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Unformatted text preview: 9 Fluid dynamics and RayleighB enard convection In these lectures we derive (mostly) the equations of viscous uid dynamics. We then show how they may be generalized to the problem of Rayleigh B enard convectionthe problem of a uid heated from below. Later we show how the RB problem itself may be reduced to the famous Lorenz equations. The highlights of these lectures are as follows: NavierStokes equations of uid dynamics (mass and momentum conser vation). Reynolds number Phenomenology of RB convection Rayleigh number Equations of RB convection Thus far we have dealt almost exclusively with the temporal behavior of a few variables. In these lectures we digress, and discuss the evolution of a continuum . 9.1 The concept of a continuum Real uids are made of atoms or molecules. The mean free path mfp is the characteristic length scale between molecular collisions. Let L hydro be the characteristic length scale of macroscopic motions. Fluids may be regarded as continuous fields if L hydro mpf . 82 When this condition holds, the evolution of the macroscopic field may be described by continuum mechanics , i.e., partial differential equations. To make this idea clearer, consider a thought experiment in which we measure the density of a uid over a length scale using some particularly sensitive device. We then move the device in the xdirection over a distance of roughly 10 . Suppose L 1 mpf . Then we expect the density to vary greatly in space as in Figure (a) below: density x/L 1 x/L 2 x/L hydro (a) (b) (c) We expect that the uctuations in (a) should decrease as increases. ( Statistics tells us that these uctuations should decrease like 1 /N 1 / 2 , where N 3 is the average number of molecules in a box of size . ) On the other hand, if L hydro (see (c)), variations in density should reect density changes due to macroscopic motions (e.g., a rising hot plume), not merely statistical uctuations. Our assumption of a continuum implies that there is an intermediate scale, L 2 , over which uctuations are small. Thus the continuum hypothesis implies a separation of scales between the molecular scale, L 1 mfp , and the hydrodynamic scale, L hydro . Thus, rather than dealing with the motion 10 23 molecules and therefore 6 10 23 ordinary differential equations of motion (3 equations each for position and momentum), we model the uid as a continuum. 83 The motion of the continuum is expressed by partial differential equations for evolution of conserved quantities. We begin with the conservation of mass. 9.2 Mass conservation Let = density of a macroscopic uid particle u = velocity Consider a volume V of uid, fixed in space: V dS u d s is an element of the surface, d s is its area, and it points in the outward   normal direction....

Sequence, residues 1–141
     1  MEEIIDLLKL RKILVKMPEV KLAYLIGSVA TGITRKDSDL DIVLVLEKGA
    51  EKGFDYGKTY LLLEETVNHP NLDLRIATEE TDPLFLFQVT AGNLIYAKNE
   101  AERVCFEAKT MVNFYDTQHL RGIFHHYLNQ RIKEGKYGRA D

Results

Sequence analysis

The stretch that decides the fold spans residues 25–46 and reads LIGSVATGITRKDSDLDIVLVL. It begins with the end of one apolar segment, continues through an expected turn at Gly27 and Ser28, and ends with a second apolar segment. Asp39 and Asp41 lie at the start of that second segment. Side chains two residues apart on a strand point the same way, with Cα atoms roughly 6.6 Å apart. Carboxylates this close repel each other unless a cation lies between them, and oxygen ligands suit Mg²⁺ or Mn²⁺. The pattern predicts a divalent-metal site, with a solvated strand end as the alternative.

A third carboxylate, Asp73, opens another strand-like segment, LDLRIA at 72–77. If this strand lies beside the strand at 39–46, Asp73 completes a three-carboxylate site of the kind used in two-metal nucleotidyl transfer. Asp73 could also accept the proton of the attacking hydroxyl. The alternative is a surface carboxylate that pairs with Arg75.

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 Fall '06
 DanielRothman
 Fluid Dynamics

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